Saturday 15 February 2014

Review ~ Daughter of the Winds by Jo Bunt


When the Turkish invade Cyprus in 1974 Pru, a young British Army wife, has her life turned upside down. Two weeks later she flees the country with a baby who isn't hers.

Over thirty years later that baby, now a grown woman called Leni, returns to the island of her birth to find out about the chain of events that led her to be brought up as Pru's child. She discovers the true cost of war, how the hurt still continues through the generations and what being a family really means.

In this story of love and loss Leni will lay ghosts to rest in more ways than one

Jo Bunt was born in Cyprus to British parents. It made sense to her that her first novel should be based there.

Following the family's return to England Jo went to school in Nottingham, university in Hull and then worked in London as a Recruitment Consultant for PwC for many years. Following a family illness Jo moved to Derbyshire where she now lives with her husband and her twin sons. This has enabled her to focus on her two great loves in life; her family and her writing.

She remembers writing her first 'novel' when she was seven but spent her angst-ridden teenage years writing miserable and dark poetry. She mostly writes mainstream fiction but is also working on a series of children's adventure books, largely guided by her own children. When she is not writing or looking after the children Jo is an avid reader and self-confessed food snob. If she can combine the two she is a very happy lady indeed.


My thoughts on Daughter of the Winds

This multi generational story weaves together the present day story of Leni as she returns to Cyprus to discover the truth about her family, in order to lay the ghosts of the past and to find out what happened during the political unrest of 1974 when Leni’s adoptive mother Pru fled the island with a baby that didn't belong to her. Leni’s attempt to piece together the fragments of her past opens up a story of secrets, lies and devastating loss.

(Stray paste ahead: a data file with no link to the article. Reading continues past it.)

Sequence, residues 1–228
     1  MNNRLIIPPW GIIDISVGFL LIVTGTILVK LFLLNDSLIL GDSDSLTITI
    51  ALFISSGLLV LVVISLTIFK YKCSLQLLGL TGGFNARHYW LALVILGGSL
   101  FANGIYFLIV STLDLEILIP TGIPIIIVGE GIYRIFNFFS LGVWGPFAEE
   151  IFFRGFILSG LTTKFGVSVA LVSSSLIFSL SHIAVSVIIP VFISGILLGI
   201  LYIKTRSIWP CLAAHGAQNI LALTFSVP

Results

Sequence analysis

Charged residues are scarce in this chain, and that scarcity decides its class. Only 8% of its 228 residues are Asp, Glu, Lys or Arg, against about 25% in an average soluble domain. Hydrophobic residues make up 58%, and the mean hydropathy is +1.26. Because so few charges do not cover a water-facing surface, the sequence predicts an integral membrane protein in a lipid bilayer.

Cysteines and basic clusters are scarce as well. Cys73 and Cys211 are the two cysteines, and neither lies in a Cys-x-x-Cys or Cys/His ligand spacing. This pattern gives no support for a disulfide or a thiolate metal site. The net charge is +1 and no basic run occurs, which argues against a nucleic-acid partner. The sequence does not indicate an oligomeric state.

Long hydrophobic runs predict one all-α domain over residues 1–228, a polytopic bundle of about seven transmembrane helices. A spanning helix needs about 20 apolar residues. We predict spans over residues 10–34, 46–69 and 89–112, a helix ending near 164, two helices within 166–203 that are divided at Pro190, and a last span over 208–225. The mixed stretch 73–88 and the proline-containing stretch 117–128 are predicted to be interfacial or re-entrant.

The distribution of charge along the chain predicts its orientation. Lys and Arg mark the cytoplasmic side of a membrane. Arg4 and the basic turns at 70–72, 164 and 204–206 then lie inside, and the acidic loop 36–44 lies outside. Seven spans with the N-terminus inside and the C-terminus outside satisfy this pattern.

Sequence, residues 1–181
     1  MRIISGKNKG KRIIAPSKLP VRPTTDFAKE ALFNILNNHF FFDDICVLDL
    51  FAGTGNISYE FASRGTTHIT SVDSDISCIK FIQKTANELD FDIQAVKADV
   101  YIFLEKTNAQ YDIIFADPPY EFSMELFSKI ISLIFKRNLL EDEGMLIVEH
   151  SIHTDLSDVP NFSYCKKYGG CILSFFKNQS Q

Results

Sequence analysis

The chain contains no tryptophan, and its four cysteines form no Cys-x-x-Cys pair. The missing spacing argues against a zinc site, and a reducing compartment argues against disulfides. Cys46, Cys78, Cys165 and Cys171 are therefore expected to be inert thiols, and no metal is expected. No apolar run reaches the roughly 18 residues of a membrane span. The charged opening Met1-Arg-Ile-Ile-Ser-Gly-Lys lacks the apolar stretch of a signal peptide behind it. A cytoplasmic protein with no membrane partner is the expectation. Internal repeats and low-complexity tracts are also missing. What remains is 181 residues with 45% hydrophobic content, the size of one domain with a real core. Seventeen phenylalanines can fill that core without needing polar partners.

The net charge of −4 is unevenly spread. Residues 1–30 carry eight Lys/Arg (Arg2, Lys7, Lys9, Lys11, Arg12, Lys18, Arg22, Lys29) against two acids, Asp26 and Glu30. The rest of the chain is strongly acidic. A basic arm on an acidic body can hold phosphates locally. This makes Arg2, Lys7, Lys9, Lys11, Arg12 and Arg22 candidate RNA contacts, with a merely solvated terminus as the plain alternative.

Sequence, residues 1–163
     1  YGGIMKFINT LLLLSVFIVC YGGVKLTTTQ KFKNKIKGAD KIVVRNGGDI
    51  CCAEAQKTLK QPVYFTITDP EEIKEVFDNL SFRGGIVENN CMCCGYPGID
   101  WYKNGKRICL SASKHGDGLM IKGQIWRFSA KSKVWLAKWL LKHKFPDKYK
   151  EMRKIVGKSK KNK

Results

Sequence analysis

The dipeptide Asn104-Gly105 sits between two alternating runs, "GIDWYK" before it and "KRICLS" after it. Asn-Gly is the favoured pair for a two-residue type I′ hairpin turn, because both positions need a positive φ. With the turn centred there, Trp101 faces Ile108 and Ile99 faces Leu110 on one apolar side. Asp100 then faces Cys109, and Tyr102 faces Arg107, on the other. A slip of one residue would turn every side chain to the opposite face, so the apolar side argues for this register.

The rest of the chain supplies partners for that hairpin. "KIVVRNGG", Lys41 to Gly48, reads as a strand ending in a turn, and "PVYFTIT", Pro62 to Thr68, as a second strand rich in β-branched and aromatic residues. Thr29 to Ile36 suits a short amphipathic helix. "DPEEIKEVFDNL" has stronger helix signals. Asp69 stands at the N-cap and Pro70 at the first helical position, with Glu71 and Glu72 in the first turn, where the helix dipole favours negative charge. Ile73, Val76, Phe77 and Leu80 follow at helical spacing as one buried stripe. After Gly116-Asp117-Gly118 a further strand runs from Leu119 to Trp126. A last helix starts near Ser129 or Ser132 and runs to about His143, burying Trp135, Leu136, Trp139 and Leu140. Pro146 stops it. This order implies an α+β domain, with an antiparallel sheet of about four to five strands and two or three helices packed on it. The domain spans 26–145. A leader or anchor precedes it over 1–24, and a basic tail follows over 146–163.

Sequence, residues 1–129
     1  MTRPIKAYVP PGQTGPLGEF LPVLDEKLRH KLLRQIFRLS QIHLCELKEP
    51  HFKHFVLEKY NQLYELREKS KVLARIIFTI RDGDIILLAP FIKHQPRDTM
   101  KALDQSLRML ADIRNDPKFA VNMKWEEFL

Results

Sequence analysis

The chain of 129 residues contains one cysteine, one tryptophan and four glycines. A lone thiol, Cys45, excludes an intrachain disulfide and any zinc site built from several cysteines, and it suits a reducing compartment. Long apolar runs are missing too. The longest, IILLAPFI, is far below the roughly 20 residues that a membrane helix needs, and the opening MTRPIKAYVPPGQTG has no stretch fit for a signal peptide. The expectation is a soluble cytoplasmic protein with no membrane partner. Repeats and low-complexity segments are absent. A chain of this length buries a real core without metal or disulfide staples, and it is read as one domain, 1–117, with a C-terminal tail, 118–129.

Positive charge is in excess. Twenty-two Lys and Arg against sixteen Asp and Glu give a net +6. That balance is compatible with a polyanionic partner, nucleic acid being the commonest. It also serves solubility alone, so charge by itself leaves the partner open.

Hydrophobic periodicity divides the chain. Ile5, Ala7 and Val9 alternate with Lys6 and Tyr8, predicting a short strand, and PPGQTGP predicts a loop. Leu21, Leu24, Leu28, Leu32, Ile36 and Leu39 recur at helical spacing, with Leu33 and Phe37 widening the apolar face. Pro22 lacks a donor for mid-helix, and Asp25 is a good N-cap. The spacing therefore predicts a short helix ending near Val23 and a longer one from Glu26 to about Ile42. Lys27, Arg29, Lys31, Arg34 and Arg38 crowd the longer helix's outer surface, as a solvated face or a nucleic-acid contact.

I enjoyed the story, there is nice attention to detail and the Cypriot culture both past and present is imaginatively described. The present day island comes alive with stunning descriptions of food and hospitality. The warmth of the Cypriot sunshine infuses the pages with a compassion which is in direct contrast to the description of the Turkish invasion of Cyprus in 1974. Overall, the fine distinction between factual evidence is nicely blended with an interesting fictional story and both time frames blend together quite well. 

An enjoyable story written in the easy style of Victoria Hislop, I think the combination of history and sunshine makes this an ideal holiday read.


Daughter of the Winds is now available on Kindle for just 99p as part of a special Valentine's Day promotion
14th - 20th February 2014.

My thanks to pubshelf for my copy of this book.


  1. Sounds intriguing! And my kind of book. I shall definitely take a look.

    1. Thanks for visiting Wendy - if you get the chance to read it, do let me know what you think about it :)


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